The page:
I could draw as many cars as I would like, and as many fathers

who could teach me how to drive and see how proud I am.

 

But playmates taunted me it is not all true. They laugh.

They scorn. They tell me how crazy I am to believe.

I just left, not minding, distant and alone. “It’s okay”.

I will just write my pain away.  I write good stories

about friends who sit beside you and listen to you.

 

They, who will never doubt how good the story was.

But some books I read say otherwise. There were lessons

which say do this and do that. I believed it was. That

I should never be a pauper begging for affection.

That I should be headstrong.  That I should  be honest.

 

And genuine. That good people will go to heaven. I did

believe in truth and desperately seeking it all my life.

But I was mocked and I stand bruised and wounded.

They say I am too much. They say I am brash.

They say I am too frank. They say I intrude.

 

They call me names. It’s  like big boys and big girls

saying that I should go away. They don’t need me.

And then again, I isolate and pick a pen, scribbling…

And I am writing my pain away. And this blank space

is sure and will not reject me like most people did.

 

No matter how fathers, mothers, brothers, sisters,

friends and even if the world will turn against me

and continue to restrain their hand in extending love.

I would teach myself loving without taking, understanding

that my heart is rich and I have much more to give.

 

I could belong like my ink being absorbed by the paper,

without condition. Just pure distill of my thoughts.

I could somehow say that I found a home to myself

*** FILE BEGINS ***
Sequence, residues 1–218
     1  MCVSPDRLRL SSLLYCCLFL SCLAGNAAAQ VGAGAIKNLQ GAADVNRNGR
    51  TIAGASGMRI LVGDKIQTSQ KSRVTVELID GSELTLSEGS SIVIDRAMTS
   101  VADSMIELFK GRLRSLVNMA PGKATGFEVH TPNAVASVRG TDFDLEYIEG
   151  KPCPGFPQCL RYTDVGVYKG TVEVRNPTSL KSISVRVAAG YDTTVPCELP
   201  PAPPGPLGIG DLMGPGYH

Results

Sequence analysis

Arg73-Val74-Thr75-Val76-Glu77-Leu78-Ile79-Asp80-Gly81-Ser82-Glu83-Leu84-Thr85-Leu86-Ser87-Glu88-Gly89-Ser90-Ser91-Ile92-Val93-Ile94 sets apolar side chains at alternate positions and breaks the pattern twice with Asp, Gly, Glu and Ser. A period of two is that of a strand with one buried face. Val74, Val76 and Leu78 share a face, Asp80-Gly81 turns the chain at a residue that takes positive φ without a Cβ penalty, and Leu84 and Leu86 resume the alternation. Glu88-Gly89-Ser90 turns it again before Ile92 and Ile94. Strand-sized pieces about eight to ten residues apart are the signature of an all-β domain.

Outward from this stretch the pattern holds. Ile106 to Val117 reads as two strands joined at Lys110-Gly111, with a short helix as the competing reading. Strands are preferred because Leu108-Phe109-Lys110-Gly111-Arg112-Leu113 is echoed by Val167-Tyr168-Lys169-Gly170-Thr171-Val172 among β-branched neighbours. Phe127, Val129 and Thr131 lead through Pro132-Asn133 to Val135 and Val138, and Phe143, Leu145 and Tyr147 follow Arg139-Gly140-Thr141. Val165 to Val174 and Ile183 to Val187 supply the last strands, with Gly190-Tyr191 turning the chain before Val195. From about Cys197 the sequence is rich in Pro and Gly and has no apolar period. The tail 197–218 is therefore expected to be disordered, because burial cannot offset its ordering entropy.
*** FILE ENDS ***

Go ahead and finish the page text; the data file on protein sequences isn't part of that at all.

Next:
after all.  With the pain I’ve been through,  I am

still here writing my pain away.  I am not alone.

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I hear them screaming through

the sound of falling and splashing

and stumbling down staircases.

Of mangled steel twisting glass

and concrete skins ripping away

from the building’s skeleton.

 

I hear the slithery rush of jet fuel

scrambling down chases and elevators

at first and second impact, the aftershock.

Igniting fireballs through the hallway.

Explosions rocked the foundations

trembling in little earthquakes.

 

I hear the mad stampede roar.

I hear the panic bars unlatch.

Then the cacophony of sirens,

the tolling of alarm bells,

the symphony of shock,

the avalanche of horror,

the carnage of the missing,

and the agony of the trapped.

 

I hear them- peoples of the world,

helpless among the tangled mess

of floor slabs toppled like a deck of cards.

The gradual weakening of their hearts,

the whispers in pain, the unison in prayer.

The slow fragile breaths silently eroding

and extinguished like wisps from a candle.

 

I hear the distant cries of children

who lost their fathers and mothers.

The anguish of fathers and mothers

losing their children in the rubbles.

The lamentations of men and women

losing their wives, their husbands,

their brothers and their sisters.

 

I hear them all within the sound of the water

trickling down over the polished slabs of stones.

I hear them while I listen in the reading,

of engraved names whose innocent fates

were like the powdery dusts in mid-air

frozen, suspended, undiminished in time.

 

I hear the grieving sighs. The silent tears.

The ashes of remembrance, the memory.

The extraordinary day when the world

will never forget the ground zero.